The present study suggests that the time course of processing of affective words is different in the cerebral hemispheres, and that this differs importantly based on gender. There is important lateralization in males, with rapid affective processing based on the LH (RVF/LH) vs. more controlled processing based on the RH (LVF/RH). In females, a pattern of activation in which both hemispheres share the quick activation of affective words is observed. This may result from increased sensitivity to the emotional feature of stimuli.
EA conception and development of the idea and design, performed the experiments, analyzed the data, wrote the manuscript, and discussed the results and implications with co-authors. IB development of the idea, substantial feedback on data analysis and content, discussion of the results and implications, comments on the manuscript. BS-T, AA, and BS discussion of the results and implications and comments on the manuscript. YJ substantial contribution to the development of the idea, design, and data analysis, feedback on content and overall paper for submission.
This study was supported by the Canadian Institutes of Health Research (Grant MOP-93542 to YJ, BS, and AA, and Grant IOP-118608 to YJ).
Conflict of Interest Statement
We are grateful to Francine Giroux and Shohreh Jalaie for helping us with the statistical analyses of the data of the study.
- ^In social psychology in which affective priming paradigm is used to measure attitudes and prejudices and to predict behavior, automaticity is suggested to be diagnosed by the presence of features such as unintentional, uncontrollable, unconscious, efficient, and rapid processing (Moors and De Houwer, 2006). At present, however, there is little agreement about which features are central for automaticity (for review, see De Houwer et al., 2009). Klauer et al. (2009), for example, uses the term spontaneous for this type of processing. In this paper, we decided to use terms like rapid, quick, or fast, instead of automatic, because we can safely make conclusions about time, but not more generally about automaticity. Nevertheless, we should consider one other important fact related to automaticity. Recent emotion research has differentiated between two notions related to automatic processing: strongly automatic and partially automatic. Strongly automatic implies independence from top-down factors, for example, as is assumed to occur during subconscious processing; this type of automatic processing seems to be supported by subcortical pathways. By contrast, partially automatic refers to that type of involuntary processing in which some amount of processing is obligatory, but still modifiable by attention (e.g., for review, see Pessoa, 2005). The type of automatic (rapid) processing applicable to the subject of this study is mostly equivalent to the latter definition of automaticity.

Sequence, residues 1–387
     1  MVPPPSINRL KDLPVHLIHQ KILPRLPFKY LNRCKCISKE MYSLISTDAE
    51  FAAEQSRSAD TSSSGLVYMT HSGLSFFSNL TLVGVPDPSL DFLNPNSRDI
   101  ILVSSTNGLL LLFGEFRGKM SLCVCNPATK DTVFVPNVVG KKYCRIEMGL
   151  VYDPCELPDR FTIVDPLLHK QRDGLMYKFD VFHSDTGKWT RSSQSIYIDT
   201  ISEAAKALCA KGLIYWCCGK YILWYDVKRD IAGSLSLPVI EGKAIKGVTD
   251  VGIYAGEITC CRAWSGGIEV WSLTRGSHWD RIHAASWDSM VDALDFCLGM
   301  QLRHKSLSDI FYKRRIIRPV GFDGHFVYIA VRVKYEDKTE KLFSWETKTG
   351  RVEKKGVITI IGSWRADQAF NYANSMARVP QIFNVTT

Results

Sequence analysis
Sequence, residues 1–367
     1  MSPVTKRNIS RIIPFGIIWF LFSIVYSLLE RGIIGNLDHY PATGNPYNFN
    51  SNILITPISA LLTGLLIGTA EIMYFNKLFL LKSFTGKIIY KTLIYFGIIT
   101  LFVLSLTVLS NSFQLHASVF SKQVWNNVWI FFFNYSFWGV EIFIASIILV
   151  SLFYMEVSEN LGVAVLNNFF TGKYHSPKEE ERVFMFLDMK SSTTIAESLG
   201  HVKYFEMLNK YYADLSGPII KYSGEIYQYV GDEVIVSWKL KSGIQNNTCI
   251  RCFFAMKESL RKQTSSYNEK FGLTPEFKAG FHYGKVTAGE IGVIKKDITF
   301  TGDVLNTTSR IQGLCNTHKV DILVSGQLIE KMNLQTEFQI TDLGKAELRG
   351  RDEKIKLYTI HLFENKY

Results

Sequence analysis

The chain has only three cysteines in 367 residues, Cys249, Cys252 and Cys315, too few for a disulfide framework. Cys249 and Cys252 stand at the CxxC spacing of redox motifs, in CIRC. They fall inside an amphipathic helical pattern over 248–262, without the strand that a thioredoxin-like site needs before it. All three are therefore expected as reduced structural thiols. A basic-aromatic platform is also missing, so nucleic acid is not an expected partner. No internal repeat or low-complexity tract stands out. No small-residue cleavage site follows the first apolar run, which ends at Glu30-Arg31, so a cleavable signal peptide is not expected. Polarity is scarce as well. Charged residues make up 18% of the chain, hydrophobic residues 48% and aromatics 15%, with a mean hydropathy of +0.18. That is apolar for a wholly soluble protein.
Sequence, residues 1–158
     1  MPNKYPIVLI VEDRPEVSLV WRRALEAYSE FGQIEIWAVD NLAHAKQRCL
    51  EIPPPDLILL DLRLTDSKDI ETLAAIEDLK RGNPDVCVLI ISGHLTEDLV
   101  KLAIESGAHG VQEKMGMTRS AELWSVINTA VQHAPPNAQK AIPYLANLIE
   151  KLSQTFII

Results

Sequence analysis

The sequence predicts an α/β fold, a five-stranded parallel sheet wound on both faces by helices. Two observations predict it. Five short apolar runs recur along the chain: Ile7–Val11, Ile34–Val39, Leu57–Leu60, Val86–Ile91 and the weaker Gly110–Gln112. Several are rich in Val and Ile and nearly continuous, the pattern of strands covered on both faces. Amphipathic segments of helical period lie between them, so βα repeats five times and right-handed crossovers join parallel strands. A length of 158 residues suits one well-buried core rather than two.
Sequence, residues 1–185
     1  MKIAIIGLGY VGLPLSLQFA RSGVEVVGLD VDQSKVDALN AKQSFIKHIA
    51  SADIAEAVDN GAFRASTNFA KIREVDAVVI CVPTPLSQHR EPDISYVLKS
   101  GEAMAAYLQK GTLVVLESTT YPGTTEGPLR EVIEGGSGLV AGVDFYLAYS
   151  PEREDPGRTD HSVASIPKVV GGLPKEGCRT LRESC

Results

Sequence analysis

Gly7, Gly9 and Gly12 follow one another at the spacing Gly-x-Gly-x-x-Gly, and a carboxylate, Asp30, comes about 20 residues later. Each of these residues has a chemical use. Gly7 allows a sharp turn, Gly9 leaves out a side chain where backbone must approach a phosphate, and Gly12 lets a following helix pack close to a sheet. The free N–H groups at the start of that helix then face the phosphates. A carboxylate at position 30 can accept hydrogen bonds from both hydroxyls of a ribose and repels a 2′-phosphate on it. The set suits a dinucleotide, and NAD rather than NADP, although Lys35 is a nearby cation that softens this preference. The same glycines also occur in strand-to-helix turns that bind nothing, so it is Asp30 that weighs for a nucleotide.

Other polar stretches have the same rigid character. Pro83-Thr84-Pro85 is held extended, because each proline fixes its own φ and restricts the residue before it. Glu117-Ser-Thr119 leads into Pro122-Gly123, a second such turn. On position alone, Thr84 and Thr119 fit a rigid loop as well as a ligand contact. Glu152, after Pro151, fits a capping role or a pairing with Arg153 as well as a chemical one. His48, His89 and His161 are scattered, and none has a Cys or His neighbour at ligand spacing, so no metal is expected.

- ^The reason neutral – affective pairs are used is for measuring the amount of facilitation vs. inhibition in producing priming effects (e.g., Hermans et al., 2001). In later and recent priming research, however, this comparison is eliminated (e.g., Koivisto, 1997, 1998; Grose-Fifer and Deacon, 2004; Kandhadai and Federmeier, 2010), perhaps because it is not very informative for the purpose of this research.
- ^The RH hypothesis holds that the RH is dominant in the processing of emotional stimuli. This implies that the LH is dominant in the processing of neutral stimuli. This hypothesis has mainly received support from research investigating the processing of non-verbal emotional stimuli (e.g., emotional facial expression, prosody). Brody et al.’s study as one of the first studies conducted in the field of emotional word processing intended to provide evidence for the dominant role of the RH in emotional word processing. Our hypothesis does not deny that the RH is capable of emotional word processing but it hold that the LH is also involved: their difference is due to their time course of activation. In Brody et al.’s results, in the direction of the RH hypothesis, neutral pairs were responded to more slowly in the RH than the LH. Considering that RTs to emotional pairs were similar in the LH and RH, the pattern of responding to neutral words caused the difference between RTs to neutral pairs and RTs to emotional pairs to be larger and significant in the RH. This was considered by Brody and colleagues as evidence supporting the role of the RH in emotional word processing. Our point here is that in the affective priming paradigm a comparison must be made between RTs to congruent pairs and RTs to incongruent pairs in order to see whether activation (i.e., significant priming) occurs within a given hemisphere. Neutral pairs are not the main point of reference in the priming paradigm.